Co-funded payroll schemes
These schemes provided support for businesses with employees that were required to close due to coronavirus measures.
Government support for businesses
Businesses who received payments from any of the co-funded payroll schemes must include these amounts as part of their total taxable income.
The wages paid to employees are tax deductible and must be reported in full including wages which have been part funded by the payroll scheme. The employees will declare their gross income on their tax return in the normal way.
Self-employed individuals or partners in a partnership can’t make deductions in respect of their own salary.
Other financial support
In addition to the Co-funded Payroll Schemes, the Government has provided further financial support to businesses during the COVID pandemic.
The schemes are:
Fisheries Support Scheme
- Visitor Accommodation Support Scheme
- Visitor Attractions and Events Scheme
- Fixed Costs Support Scheme
Financial support received from the Government from any of the above support schemes is taxable.
Businesses who are in receipt of Government financial support to cover fixed costs etc, at any level, must include the amounts received as business income. There is no exception or exemption.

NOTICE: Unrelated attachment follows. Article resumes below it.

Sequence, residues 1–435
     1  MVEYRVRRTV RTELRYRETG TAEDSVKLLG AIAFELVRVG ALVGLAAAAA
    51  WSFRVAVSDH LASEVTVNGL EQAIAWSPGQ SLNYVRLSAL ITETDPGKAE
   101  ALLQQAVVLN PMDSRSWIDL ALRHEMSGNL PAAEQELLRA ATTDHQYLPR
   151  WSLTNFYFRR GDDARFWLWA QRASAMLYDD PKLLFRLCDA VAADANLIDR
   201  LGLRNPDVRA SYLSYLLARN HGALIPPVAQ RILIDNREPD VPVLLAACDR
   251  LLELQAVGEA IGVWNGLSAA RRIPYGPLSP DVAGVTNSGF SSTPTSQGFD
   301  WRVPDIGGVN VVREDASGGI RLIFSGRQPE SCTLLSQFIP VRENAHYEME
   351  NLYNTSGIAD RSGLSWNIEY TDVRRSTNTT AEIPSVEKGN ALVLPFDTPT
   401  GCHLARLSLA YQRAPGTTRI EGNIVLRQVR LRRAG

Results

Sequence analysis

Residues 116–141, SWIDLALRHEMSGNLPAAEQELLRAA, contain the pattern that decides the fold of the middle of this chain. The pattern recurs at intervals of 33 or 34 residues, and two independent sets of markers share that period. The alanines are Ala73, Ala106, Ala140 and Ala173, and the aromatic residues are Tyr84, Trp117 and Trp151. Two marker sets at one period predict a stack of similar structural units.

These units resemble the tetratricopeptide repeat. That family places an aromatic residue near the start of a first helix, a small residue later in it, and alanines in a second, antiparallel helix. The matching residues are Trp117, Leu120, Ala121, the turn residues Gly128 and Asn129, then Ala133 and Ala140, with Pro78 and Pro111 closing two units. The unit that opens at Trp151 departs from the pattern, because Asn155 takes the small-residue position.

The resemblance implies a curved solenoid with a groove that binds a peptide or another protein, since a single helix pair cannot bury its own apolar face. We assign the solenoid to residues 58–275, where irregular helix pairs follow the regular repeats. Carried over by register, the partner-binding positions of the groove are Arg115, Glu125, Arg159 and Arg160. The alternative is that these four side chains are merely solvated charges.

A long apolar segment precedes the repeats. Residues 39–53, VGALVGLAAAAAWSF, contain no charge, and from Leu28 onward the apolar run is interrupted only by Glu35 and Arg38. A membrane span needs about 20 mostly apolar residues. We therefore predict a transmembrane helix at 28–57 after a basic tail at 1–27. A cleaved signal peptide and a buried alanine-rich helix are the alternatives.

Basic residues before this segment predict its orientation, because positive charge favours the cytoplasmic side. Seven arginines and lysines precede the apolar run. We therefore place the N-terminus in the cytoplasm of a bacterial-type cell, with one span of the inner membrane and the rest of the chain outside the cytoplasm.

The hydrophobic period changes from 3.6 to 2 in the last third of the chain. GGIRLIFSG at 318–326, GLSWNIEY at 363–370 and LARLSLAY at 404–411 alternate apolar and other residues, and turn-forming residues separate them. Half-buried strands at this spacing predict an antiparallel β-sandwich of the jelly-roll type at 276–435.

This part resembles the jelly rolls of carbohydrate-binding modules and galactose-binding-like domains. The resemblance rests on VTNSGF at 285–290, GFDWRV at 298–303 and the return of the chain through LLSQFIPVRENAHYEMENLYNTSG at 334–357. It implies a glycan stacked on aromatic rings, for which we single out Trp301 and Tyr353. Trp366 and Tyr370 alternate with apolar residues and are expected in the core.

Declaring the financial support
The receipt of Government financial support should be treated like any other business income and included in your accounts. The accounting year end date of your business will dictate in which financial period the funds should be reported.
Repayment of financial support
If you've claimed too much financial support through the Co-funded Payroll Scheme, or any of the other Government COVID support schemes, you may be required to pay the subsidy back.
The refund of any subsidy you pay back to the Government should be treated as a business expense. The repayment of the subsidy should be included, like any other outgoing, as a deduction from your business profits. Your accounting year end date and the date of the repayment will dictate in which financial period the refund should be reported.
Business Disruption Loan Guarantee Scheme
The Business Disruption Loan Guarantee Scheme was established in March 2020 to help businesses seek to access working capital loans to manage COVID-19 related disruption. It allowed banks to extend financing to businesses.
Loans received under the Business Disruption Loan Guarantee Scheme should be included in the financial accounts of a business, and be treated in the same way as a loan from a bank.
Interest that is paid on a Business Disruption loan can be included as a deduction in the financial accounts of the business.
Insurance pay outs
Sums received from insurance in respect of loss of income or stock due to the disruption of the business are to be treated as normal trading receipts.